Research in the Ehleringer Lab
is directed at answering four ecological questions of societal relevance. First, how does drought influence carbon cycles in ecosystems of the western US? Second, how do humans and our choices influence carbon and water cycles in urban ecosystems? Third, how can stable isotopes analyses inform us about process related to human activities, our movements, and dietary choices? Fourth, how can we reconstruct climate history and broad precipitation patterns using biomarker proxies?
In the News
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Mancuso receives fellowship for stable isotopes research
Christy Mancuso was awarded a National Institute of Justice Graduate Research Fellowship in Science, technology, Engineering and Mathematics. Her project is "Fingernails as Recorders of Region-of-Origin and Travel History." Christy will be looking at how stable isotope analyses of human fingernails can be used to reconstruct an individual's movements. The primary objective of the study is to determine the extent to which strontium and oxygen isotope ratios of human fingernails are useful as diagnostic tools of geographic movement, similar to studies that are establishing forensic utility of stable isotope analysis of scalp hair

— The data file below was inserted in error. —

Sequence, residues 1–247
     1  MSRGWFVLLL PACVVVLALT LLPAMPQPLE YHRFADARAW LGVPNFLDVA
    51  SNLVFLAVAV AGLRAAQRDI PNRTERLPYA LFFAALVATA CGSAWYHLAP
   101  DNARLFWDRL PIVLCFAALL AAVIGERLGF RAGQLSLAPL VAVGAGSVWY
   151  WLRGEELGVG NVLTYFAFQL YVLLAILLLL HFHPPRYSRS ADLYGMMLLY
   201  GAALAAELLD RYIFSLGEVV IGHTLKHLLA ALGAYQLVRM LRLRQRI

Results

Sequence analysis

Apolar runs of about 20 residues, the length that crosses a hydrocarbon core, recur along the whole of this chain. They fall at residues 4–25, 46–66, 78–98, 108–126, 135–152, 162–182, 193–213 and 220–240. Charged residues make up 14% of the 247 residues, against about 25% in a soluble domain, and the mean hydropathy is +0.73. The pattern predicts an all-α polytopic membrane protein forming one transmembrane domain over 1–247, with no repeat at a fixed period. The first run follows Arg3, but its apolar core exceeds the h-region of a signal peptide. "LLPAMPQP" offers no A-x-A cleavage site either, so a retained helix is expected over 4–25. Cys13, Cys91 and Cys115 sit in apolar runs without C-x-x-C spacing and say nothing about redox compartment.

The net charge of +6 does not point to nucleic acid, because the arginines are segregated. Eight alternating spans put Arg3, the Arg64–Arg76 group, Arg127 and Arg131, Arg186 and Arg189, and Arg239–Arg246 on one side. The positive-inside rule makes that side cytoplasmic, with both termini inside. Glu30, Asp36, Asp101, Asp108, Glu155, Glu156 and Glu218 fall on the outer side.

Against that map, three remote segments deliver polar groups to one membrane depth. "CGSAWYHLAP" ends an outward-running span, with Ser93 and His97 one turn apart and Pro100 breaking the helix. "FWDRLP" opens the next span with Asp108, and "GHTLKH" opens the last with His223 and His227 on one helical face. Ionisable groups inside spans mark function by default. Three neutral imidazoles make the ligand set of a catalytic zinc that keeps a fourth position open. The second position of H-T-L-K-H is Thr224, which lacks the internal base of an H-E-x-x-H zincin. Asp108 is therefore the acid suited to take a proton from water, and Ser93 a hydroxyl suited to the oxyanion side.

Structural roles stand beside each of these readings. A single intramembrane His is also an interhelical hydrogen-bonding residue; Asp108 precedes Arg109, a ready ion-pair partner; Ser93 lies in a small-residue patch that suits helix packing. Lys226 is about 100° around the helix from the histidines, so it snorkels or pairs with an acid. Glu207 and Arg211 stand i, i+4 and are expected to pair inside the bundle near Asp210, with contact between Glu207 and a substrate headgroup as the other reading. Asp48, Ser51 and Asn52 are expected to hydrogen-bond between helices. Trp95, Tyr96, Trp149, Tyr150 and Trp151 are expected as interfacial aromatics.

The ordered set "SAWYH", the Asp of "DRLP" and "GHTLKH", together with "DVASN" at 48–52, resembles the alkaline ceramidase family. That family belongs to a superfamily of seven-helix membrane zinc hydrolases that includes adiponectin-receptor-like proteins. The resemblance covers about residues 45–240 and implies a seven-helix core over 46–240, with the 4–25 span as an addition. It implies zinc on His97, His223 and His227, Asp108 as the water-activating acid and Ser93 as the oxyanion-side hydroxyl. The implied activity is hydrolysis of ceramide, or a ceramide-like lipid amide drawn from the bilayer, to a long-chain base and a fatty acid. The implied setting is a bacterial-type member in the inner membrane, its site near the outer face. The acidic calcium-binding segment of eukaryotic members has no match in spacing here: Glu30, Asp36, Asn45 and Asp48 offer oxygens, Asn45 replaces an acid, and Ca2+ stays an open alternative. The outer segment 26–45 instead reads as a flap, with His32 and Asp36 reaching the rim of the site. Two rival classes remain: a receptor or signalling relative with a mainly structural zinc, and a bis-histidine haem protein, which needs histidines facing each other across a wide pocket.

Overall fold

MOBILE MONIITORING OF TRACE GASES
Logan Mitchell, working with Ryan Bares, l has installed greenhouse gas and ozone sensors into the TRAX light rail system. See the Utah Transit Authority article here, and read more about mobile measuring of urban greenhouse gas emissions here.
Global warming in the late holocene
Postdoc Logan Mitchell has a paper in Science providing evidence of the human contribution to increased atmospheric methane concentration.
NEW LAB MANAGER
We are pleased to welcome Dr. Suvankar Chakraborty as manager of SIRFER, the Stable Isotope Ratio Facility for Environmental Research. Suvankar comes to us from the University of Kentucky, where he was the Research Facility Manager in the stable isotope laboratory in the Department of Earth and Environmental Sciences.|
URBAN RED BUTTE MAP Will McDonald has recently completed a 40-cm resolution map of the vegetation of the urban portions of the Red Butte Creek watershed. This map will now allow iUTAH researchers and land managers the capacity to evaluate transpiration, water runoff, and ecological dynamics in the very urbanized watershed. Click here for a high resolution map and poster.